No time was wasted today, as I was very rapidly thrown into the Nagata-cho life this morning. Almost immediately upon arrival at the office this morning I was whisked off to the Diet, where the Lower House’s Budget Committee was meeting to discuss this year’s budget. (Yomiuri on today’s meeting here; Asahi here.) From a seat in media gallery, I had a clear view of the government’s ministers, including Prime Minister Abe himself, as the government fielded questions from the opposition on anything but the proposed budget.
Indeed, the budget committee today — at least this morning — was used by the opposition to nag the government on the failings of its various members, including the smell of financial impropriety surrounding Agriculture Minister Matsuoka and Education Minister Ibuki, as well as a years-old bit of impropriety apparently committed by Finance Minister Omi (too complicated to spell out here), with the morning hearings finally steering in the direction of the budget just shy of lunch, when the government was asked about supporting for failing regions, with the name of “Yubari,” the bankrupt city in Hokkaido, invoked to criticize the government for its regions policy. Shortly thereafter, when asked about whether current negotiations with Australia for a free trade agreement — not to mention the barely alive WTO Doha Round — will ensure sufficient protection for Japanese agriculture, Abe roused himself from his seat and delivered a surprisingly spirited defense of the expansion of free trade, especially in the Asia-Pacific region.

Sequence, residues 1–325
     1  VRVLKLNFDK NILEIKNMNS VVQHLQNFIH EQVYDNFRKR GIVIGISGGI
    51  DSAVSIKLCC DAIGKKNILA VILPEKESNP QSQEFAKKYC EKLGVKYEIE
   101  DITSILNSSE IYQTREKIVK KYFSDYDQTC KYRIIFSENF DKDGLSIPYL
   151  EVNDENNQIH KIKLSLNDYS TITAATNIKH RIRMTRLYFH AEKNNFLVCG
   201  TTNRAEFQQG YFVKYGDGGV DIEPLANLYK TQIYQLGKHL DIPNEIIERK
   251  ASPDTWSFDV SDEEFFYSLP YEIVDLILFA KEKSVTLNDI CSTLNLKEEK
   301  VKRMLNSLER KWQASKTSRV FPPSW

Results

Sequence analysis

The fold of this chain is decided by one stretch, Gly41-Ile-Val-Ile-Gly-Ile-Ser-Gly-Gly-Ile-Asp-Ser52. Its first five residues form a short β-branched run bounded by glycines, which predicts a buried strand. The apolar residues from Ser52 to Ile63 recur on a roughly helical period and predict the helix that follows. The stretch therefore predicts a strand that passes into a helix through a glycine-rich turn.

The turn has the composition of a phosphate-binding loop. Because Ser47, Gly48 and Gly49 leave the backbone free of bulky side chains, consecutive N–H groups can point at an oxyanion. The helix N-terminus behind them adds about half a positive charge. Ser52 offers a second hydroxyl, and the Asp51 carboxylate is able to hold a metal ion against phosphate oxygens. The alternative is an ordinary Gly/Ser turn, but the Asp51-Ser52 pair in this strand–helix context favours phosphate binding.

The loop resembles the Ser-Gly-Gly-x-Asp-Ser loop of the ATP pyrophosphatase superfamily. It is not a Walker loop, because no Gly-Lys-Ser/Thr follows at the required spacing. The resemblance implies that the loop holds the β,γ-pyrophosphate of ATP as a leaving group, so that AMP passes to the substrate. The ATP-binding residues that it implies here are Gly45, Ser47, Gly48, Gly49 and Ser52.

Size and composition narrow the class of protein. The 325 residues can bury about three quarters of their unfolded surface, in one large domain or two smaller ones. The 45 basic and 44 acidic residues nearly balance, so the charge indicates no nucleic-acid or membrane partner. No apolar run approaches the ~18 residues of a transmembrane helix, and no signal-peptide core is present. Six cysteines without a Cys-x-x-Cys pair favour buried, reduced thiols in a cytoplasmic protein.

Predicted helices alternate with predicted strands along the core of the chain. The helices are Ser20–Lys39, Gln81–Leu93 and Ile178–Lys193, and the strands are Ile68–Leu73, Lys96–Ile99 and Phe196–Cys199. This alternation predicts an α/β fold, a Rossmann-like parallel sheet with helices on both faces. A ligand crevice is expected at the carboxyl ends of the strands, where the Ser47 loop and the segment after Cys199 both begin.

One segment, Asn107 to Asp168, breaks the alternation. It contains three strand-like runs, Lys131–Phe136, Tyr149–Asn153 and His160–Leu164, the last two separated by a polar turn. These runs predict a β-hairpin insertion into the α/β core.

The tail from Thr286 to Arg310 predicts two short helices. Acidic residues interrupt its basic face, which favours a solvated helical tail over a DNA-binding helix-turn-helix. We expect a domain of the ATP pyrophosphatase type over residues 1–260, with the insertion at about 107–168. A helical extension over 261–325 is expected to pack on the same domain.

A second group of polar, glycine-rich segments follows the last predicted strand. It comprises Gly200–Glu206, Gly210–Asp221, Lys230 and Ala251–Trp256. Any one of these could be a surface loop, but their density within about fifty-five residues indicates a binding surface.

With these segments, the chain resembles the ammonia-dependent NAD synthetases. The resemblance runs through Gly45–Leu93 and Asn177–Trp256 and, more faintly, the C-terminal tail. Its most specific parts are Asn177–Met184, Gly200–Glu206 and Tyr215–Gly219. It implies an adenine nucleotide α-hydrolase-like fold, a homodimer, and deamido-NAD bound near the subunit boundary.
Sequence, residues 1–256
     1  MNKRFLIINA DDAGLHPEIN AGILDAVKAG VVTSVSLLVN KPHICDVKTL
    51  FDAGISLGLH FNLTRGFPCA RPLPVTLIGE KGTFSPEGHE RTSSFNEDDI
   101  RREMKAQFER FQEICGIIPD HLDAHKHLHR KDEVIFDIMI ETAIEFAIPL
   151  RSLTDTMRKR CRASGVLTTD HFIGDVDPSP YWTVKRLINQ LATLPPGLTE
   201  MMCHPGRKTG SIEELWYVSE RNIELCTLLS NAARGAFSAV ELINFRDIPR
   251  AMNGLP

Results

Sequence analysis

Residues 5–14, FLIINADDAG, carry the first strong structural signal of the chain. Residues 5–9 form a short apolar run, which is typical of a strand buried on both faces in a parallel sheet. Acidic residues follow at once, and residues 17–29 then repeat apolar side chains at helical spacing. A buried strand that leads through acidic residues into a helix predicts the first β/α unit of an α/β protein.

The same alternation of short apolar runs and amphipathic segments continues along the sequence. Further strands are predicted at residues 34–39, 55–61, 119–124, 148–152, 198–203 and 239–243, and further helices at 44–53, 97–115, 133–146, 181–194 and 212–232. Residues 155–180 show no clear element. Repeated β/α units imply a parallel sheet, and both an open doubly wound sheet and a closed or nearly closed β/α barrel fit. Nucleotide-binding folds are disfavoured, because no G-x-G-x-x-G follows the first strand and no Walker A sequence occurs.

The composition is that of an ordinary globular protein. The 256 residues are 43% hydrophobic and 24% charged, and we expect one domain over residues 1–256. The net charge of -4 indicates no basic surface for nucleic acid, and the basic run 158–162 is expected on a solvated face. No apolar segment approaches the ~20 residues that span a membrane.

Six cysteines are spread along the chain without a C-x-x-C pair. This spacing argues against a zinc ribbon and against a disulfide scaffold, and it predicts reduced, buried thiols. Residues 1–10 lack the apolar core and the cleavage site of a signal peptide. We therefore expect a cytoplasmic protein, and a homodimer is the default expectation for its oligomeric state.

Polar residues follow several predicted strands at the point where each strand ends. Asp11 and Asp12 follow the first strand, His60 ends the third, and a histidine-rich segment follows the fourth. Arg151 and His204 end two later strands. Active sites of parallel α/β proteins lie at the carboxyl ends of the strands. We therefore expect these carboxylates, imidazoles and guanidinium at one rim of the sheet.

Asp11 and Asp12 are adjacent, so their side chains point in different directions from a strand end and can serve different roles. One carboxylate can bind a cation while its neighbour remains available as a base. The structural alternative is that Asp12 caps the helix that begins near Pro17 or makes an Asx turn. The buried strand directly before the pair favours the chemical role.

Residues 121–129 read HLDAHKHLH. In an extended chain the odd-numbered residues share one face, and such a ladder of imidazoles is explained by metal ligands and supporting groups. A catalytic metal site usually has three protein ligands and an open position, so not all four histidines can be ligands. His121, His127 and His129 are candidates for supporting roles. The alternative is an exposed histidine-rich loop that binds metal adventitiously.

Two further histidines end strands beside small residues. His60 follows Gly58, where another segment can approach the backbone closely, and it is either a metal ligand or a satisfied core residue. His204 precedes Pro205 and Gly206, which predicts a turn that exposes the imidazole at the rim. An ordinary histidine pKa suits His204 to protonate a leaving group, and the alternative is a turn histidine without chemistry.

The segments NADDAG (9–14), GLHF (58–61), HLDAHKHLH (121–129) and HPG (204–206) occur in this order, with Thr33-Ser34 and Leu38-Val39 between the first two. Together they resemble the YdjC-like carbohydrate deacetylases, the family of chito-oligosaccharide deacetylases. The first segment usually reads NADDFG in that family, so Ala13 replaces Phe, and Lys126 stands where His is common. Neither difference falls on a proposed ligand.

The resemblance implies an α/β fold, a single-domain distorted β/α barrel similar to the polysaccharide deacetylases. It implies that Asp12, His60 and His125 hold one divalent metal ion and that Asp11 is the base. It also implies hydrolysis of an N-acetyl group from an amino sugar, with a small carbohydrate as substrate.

I say surprisingly spirited because Abe looked bored throughout the session, even when he rose to address a question. Perhaps Abe’s problem is that he’s a presidential — dare I say, Gaullist — figure trapped in a parliamentary system, a parliamentary system in which the Diet has seen its powers grow in the past fifteen years as the once-powerful bureaucracy has seen its power diminish. I can’t help but wonder if Abe wishes he was the head of state in a French-style system: president responsible for foreign affairs and outlining broad national goals, prime minister responsible for day-to-day management of parliament and moving the president’s agenda. Thus the boredom that he seems to show in news recaps on television is not just the result of selective editing; it’s his standard public posture.
In any case, the budget hearing was surprisingly lively, with both governing and opposition party members interrupting speeches, laughing raucously, and shouting speakers down.